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On the 28th of July, comedian Trevor Noah posted a skit that poked fun at South African cellphone companies on YouTube. In spite of relatively few views, Cell C took the opportunity to run a full page letter of apology in the Sunday Times of August 1, 2010.
I believe that doing so was a masterstroke and I applaud Cell C for its response. This is why:
1. Responding shows you are listening and that you care.
Whether this was by accident or not, a public response shows that Cell C is listening. Someone was scanning the internet, and probably using reputation management tools like Brandseye or Saidwot, to monitor people’s perception of their service.
Listening is one of the cornerstones of the social internet. Everything that is said is stored digitally and can be tracked and found. There is no excuse not to hear what is being said about you.
2. The response was quick and decisive.
The YouTube video was uploaded on the Wednesday, and the Sunday Times is printed on the Saturday. This means that in order to get it into the paper, both Cell C and their agency reacted pretty quickly and decisively.
The ability to react quickly is imperative in the always, on always connected world. Things change at the speed of light and being able and nimble enough to notice and do something about it is crucial.
[ Click to see full letter ]
3. The response wasn’t online.
That’s really interesting. It may just be because the organisation is still stuck in traditional marketing, but there is a possibility that the company recognised an opportunity to engage. Although the fact that they didn’t publish links on the page — or even include a QR code, probably means that I may be reading things into their media choices that don’t exist.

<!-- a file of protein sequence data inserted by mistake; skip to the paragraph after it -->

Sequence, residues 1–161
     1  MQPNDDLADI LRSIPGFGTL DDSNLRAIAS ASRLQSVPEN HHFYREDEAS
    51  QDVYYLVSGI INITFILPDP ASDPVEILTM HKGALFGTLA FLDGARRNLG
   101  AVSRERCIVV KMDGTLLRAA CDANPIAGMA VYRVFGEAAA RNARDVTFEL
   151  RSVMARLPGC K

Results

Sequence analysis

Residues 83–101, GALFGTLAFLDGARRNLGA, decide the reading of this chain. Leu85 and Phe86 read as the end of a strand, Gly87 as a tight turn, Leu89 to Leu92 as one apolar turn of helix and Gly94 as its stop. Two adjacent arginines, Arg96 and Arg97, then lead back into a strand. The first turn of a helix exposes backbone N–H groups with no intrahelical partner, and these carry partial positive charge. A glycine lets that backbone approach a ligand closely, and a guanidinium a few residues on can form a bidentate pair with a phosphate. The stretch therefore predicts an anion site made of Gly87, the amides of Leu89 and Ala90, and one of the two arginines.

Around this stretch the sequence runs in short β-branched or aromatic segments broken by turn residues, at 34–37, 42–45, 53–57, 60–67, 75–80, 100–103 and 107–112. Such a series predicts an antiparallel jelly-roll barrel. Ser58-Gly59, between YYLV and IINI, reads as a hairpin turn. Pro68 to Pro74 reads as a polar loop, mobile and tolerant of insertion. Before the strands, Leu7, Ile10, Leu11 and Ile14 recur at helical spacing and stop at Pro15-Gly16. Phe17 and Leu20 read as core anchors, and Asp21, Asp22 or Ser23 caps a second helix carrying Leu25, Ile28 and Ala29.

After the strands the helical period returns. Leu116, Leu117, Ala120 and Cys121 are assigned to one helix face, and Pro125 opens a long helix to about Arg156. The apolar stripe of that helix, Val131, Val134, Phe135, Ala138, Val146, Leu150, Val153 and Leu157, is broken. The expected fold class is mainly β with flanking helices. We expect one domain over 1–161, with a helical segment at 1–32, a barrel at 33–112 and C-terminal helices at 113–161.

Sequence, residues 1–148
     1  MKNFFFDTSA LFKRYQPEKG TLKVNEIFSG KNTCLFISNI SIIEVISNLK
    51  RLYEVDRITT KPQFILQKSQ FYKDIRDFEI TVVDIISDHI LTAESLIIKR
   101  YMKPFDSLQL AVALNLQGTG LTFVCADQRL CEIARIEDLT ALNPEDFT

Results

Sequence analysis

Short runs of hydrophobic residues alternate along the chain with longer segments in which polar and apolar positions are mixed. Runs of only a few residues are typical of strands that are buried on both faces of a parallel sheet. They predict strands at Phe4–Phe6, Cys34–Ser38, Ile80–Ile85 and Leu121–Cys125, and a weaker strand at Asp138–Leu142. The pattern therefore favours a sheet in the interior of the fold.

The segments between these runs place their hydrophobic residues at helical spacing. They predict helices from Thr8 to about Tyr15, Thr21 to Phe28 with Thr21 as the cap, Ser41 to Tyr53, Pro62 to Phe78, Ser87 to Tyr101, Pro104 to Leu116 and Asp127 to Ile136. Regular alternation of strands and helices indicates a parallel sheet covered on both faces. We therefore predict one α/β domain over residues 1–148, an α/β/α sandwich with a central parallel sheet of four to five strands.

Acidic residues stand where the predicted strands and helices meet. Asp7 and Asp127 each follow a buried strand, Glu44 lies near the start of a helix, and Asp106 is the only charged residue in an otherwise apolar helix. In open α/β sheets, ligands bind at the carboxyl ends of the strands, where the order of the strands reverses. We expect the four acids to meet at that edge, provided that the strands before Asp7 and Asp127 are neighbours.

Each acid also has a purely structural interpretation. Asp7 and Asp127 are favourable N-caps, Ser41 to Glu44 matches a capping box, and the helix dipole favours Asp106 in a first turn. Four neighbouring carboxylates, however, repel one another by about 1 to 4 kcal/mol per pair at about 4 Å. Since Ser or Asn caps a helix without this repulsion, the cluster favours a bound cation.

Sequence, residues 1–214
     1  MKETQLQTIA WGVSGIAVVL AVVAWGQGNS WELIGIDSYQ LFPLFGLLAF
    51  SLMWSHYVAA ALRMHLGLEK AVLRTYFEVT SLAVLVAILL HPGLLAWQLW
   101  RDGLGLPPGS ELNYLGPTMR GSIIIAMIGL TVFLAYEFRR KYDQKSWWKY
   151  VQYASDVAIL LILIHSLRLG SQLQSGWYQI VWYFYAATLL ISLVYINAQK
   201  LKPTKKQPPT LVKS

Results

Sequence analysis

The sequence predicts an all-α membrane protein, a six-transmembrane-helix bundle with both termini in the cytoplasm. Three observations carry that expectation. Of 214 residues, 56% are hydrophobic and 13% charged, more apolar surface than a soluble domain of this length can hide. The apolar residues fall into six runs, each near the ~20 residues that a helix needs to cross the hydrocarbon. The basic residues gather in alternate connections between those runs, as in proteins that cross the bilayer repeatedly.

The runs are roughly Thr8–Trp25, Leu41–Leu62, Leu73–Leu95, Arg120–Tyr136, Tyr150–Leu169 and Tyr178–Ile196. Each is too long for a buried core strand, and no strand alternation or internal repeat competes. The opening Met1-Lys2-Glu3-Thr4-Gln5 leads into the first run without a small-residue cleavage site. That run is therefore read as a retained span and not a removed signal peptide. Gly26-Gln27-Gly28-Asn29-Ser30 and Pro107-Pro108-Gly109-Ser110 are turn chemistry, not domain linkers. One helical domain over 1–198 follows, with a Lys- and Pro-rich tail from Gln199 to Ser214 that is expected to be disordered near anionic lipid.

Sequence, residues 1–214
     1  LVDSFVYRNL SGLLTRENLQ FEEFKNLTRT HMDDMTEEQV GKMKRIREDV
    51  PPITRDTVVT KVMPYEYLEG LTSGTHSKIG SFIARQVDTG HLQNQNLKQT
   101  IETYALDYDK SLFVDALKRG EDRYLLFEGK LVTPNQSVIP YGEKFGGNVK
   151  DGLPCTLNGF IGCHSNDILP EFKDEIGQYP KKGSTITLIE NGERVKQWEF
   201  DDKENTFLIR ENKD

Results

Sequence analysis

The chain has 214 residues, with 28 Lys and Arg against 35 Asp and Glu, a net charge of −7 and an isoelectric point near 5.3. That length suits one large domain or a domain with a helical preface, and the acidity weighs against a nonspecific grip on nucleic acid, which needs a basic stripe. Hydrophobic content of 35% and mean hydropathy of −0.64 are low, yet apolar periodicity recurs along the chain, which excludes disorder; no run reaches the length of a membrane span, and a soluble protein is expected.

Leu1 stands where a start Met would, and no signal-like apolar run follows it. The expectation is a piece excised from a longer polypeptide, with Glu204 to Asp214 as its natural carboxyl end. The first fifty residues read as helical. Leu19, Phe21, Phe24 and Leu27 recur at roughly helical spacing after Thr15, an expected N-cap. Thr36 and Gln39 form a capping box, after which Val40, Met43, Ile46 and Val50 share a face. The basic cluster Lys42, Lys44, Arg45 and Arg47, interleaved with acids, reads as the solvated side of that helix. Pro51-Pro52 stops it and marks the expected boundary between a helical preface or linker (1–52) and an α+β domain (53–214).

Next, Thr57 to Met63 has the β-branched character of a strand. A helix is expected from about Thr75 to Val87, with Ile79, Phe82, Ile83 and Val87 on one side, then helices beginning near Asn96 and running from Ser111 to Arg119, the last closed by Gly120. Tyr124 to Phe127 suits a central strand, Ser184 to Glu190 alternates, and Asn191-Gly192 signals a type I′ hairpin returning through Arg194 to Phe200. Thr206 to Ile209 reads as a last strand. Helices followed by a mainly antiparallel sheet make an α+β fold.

4. The response was honest.
Management defaults naturally to planning and control. When things go off the rails we try to get it back on. When we are criticised we minimise damage and try to get the brand under control again. Mostly we do this by putting a spin onto the story. A way to present the story that shows us and our brand in a good light, in spite of the truth.
Honesty is the currency of social media. Because of the connections that make up the social web, everyone knows the truth anyway. Bull dusting is futile. Apologising for the poor cell service available in South Africa and promising something different is a brave step. Telling the truth is amazingly rare and is very likely to garner customer support. It pre-empts a negative social media backlash.
It may be opportunist but it places Cell C in a different space for me. The company has taken a huge step. Cell C may have realised that we don’t control our brand, we can only create the conditions in which a brand can flourish. It’s the essence of New Marketing.